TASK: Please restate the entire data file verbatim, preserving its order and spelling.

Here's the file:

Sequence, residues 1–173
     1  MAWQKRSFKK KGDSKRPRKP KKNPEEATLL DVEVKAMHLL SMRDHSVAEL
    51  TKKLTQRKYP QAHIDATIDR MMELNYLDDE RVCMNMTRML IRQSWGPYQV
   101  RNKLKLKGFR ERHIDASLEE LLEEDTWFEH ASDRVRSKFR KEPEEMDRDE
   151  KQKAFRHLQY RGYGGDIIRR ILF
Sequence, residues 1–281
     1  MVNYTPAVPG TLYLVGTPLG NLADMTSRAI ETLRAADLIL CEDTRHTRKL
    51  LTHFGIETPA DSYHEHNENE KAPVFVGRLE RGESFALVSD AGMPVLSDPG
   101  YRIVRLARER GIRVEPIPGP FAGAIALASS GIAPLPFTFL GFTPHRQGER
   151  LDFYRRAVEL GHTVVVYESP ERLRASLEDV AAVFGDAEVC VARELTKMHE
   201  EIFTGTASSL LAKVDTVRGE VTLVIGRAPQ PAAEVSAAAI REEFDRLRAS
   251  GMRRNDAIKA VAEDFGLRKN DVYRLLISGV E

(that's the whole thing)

Sequence, residues 1–173
     1  MAWQKRSFKK KGDSKRPRKP KKNPEEATLL DVEVKAMHLL SMRDHSVAEL
    51  TKKLTQRKYP QAHIDATIDR MMELNYLDDE RVCMNMTRML IRQSWGPYQV
   101  RNKLKLKGFR ERHIDASLEE LLEEDTWFEH ASDRVRSKFR KEPEEMDRDE
   151  KQKAFRHLQY RGYGGDIIRR ILF
Sequence, residues 1–281
     1  MVNYTPAVPG TLYLVGTPLG NLADMTSRAI ETLRAADLIL CEDTRHTRKL
    51  LTHFGIETPA DSYHEHNENE KAPVFVGRLE RGESFALVSD AGMPVLSDPG
   101  YRIVRLARER GIRVEPIPGP FAGAIALASS GIAPLPFTFL GFTPHRQGER
   151  LDFYRRAVEL GHTVVVYESP ERLRASLEDV AAVFGDAEVC VARELTKMHE
   201  EIFTGTASSL LAKVDTVRGE VTLVIGRAPQ PAAEVSAAAI REEFDRLRAS
   251  GMRRNDAIKA VAEDFGLRKN DVYRLLISGV E